Thursday, December 1 GM Eugene Perelshteyn Instructive Battle in the English, Statics vs Dynamics – Grandmasters Blunder, Too  (strategy, tactics)
In this game White avoids main line KID to steer the game into the English, or Closed-Sicilian with reversed colors. Watch and learn how Statics and Dynamics play a vital role for choosing White’s moves and notice the shift in strategy once White has won the positional battle and left Black with a poor pawn structure. A nice bonus: can you spot the tactics that a strong GM missed at the end?

Friday, December 2 GM Bryan Smith Coffeehouse Chess, Part 4 (tactics)
In part 4 of his “Coffeehouse Chess” series, GM Bryan Smith covers an epic battle from 1924 between David Janowski and Edward Lasker, where a queen sacrifice leads to a really fantastic and unusual position.

New Chess Videos for November 21-25

November 21, 2016 | Posted in Chess Lectures | By

Monday, November 21 IM Valeri Lilov What is Key to Initiative (middlegame)
Initiative is known to be the highest most important bit of attacking. How to acquire a strong attacking initiative brings up an important theme to learn from IM Lilov’s new lecture!

Tuesday, November 22 IM Bill Paschall Bundesliga Apocalypse
Grandmaster David Navara is known for his attacking play. In this game he imbalances the game early , giving up a bishop for knight to prevent his opponent from castling. Later, he sacrifices a rook for only 2 pawns and an attack against the opponents king. Black finds it very difficult to coordinate and his extra rook is out of play. The finish of the game is extraordinary, with Navara calculating a decisive king walk into his opponents’ territory , despite both queens still being on the board!

Wednesday, November 23 FM Dennis Monokroussos Dig a Deeper Hole (openings)
One of the first things we learn in studying positional play is to avoid holes, and with good reason. But as Bobby Fischer famously said, “you’ve gotta give squares to get squares”, and if one can create an even more worrisome hole in the opponent’s position by creating one of our own, then it’s worth it. Salov-Spassky is a great example, and even a great – a former world champion – failed to appreciate the danger.

Thursday, November 24 IM David Vigorito A Strong Novelty Turns the Tables in a Quiet Sideline (opening, endgame)
A few weeks before this game was played, Ivan Saric got ground down in an endgame that arises in a sideline of the King’s Indian. In this game he unleashes a wonderful novelty. Black sacrifices the exchange and opens up the game to any result. Note especially the use of Black’s rook pawns to squeeze White’s position on both sides of the board.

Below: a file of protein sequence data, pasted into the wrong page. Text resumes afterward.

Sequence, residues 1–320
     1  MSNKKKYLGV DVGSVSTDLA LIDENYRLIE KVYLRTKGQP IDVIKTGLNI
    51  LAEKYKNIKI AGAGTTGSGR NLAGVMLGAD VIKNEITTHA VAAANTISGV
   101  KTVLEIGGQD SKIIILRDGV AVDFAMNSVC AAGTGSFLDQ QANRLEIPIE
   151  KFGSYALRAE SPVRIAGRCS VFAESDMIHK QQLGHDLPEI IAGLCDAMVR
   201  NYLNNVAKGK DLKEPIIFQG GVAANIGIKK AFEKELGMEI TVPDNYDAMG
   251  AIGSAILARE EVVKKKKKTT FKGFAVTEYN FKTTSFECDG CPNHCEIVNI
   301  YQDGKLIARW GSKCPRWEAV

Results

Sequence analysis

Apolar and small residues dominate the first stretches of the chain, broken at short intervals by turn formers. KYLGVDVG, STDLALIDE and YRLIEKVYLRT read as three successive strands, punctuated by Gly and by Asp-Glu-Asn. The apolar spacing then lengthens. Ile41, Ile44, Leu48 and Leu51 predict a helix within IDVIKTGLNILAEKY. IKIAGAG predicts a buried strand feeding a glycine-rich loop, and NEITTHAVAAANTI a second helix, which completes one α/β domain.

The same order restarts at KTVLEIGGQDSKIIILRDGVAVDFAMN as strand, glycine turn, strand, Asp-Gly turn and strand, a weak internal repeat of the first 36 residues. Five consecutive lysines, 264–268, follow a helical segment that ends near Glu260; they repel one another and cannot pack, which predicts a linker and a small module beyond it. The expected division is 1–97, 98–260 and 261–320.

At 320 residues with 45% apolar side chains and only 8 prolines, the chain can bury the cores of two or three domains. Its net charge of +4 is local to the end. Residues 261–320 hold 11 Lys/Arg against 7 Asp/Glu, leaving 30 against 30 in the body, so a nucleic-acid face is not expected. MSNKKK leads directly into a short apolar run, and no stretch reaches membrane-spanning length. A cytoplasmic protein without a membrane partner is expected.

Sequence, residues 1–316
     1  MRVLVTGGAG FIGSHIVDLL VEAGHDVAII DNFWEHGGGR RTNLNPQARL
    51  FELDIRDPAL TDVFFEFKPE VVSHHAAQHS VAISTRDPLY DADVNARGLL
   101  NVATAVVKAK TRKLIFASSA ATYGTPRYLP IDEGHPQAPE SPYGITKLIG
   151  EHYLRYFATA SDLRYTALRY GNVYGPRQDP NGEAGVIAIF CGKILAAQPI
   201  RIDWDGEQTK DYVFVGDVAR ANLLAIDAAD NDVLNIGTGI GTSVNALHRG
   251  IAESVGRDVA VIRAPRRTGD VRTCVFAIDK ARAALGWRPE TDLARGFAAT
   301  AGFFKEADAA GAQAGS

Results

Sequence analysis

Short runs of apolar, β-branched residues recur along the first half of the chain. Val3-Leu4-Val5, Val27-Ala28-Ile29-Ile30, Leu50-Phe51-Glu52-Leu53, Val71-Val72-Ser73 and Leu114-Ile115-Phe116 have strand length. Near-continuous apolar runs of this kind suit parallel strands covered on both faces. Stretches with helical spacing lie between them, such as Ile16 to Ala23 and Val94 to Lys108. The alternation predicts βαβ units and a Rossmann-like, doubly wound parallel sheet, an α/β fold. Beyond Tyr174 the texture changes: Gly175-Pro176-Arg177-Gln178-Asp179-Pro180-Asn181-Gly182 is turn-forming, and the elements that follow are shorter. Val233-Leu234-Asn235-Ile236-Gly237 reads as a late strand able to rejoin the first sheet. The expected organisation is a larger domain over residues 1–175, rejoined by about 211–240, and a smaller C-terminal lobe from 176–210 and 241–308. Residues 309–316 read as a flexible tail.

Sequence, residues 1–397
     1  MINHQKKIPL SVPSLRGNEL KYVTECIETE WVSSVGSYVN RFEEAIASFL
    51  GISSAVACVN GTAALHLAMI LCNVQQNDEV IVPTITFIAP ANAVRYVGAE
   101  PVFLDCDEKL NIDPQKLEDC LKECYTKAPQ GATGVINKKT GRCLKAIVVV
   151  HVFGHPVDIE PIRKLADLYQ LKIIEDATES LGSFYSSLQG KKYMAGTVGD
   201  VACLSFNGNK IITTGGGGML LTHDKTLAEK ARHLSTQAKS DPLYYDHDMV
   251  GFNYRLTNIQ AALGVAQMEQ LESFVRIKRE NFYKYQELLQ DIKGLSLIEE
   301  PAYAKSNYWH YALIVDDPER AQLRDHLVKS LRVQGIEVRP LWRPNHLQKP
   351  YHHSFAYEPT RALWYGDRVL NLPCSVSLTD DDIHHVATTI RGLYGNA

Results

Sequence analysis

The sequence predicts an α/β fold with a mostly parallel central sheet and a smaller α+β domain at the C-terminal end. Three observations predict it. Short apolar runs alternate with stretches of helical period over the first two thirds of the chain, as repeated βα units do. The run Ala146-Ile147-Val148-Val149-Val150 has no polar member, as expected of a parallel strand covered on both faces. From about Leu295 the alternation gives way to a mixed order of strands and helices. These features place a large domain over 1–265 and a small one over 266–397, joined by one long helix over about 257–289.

Friday, November 25 GM Bryan Smith Coffeehouse Chess, Part 3 (tactics)
In the third episode of “Coffeehouse Chess”, GM Bryan Smith explores a beautiful sacrificial attack by attacking legend Viktor Kupreichik.

New Chess Videos for November 14-18

November 14, 2016 | Posted in Chess Lectures | By

Monday, November 14 IM Valeri Lilov Carlsen’s Ruy Lopez (openings)
Magnus Carlsen is one of the history’s most brilliant positional players. His ability to handle the opening structure and prepare a powerful piece domination have inspired many. Study IM Lilov’s new lecture to learn how to world reigning champion tackles the oldest chess opening with finesse!

Tuesday, November 15 IM Bill Paschall Bluffing Like Tal (opening, strategy)
The legendary World Champion Mikhail Tal was knows for his ability to bluff opponents with sacrifices nearly too complicated to calculate. His tradition has been carried on by fellow Latvian GM Alexei Shirov. In the following game, Shirov borrows the element of bluff , so typical of Tal’s style. On 2 occasions white offers the sacrifice of his c-pawn and then invites black to gain a tempo and space with his provocative move 17.Nh4, practically inviting the logical move 17..g5 from black. Shirov’s opponent, Harika, declines all 3 offers from Shirov and plays in an extremely passive and meek style. Harika should have accepted the first pawn sacrifice, and she even missed a miraculous chance to draw the game by force near the end. Perhaps the idea of active play was never on Black’s mind, who was intimidated by the aggressive style of Shirov.